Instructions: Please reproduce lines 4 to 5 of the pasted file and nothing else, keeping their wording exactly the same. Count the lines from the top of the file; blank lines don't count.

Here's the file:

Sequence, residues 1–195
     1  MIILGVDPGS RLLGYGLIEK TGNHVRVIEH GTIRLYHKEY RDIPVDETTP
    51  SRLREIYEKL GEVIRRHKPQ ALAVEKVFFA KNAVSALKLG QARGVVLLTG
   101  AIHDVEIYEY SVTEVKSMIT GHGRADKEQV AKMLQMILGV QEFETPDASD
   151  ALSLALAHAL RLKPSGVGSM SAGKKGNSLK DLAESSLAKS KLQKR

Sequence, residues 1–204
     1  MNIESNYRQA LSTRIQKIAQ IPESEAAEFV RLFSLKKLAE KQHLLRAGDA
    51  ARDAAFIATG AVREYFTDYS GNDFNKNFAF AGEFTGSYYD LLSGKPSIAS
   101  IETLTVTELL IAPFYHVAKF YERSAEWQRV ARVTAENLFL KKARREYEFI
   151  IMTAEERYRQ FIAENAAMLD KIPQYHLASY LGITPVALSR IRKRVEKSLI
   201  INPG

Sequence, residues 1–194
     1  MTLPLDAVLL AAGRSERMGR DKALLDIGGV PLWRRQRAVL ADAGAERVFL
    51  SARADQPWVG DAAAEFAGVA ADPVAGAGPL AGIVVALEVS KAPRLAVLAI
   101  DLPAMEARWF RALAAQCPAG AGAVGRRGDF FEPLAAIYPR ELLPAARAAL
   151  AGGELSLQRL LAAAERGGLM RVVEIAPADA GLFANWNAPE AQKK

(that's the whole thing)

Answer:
   101  AIHDVEIYEY SVTEVKSMIT GHGRADKEQV AKMLQMILGV QEFETPDASD
   151  ALSLALAHAL RLKPSGVGSM SAGKKGNSLK DLAESSLAKS KLQKR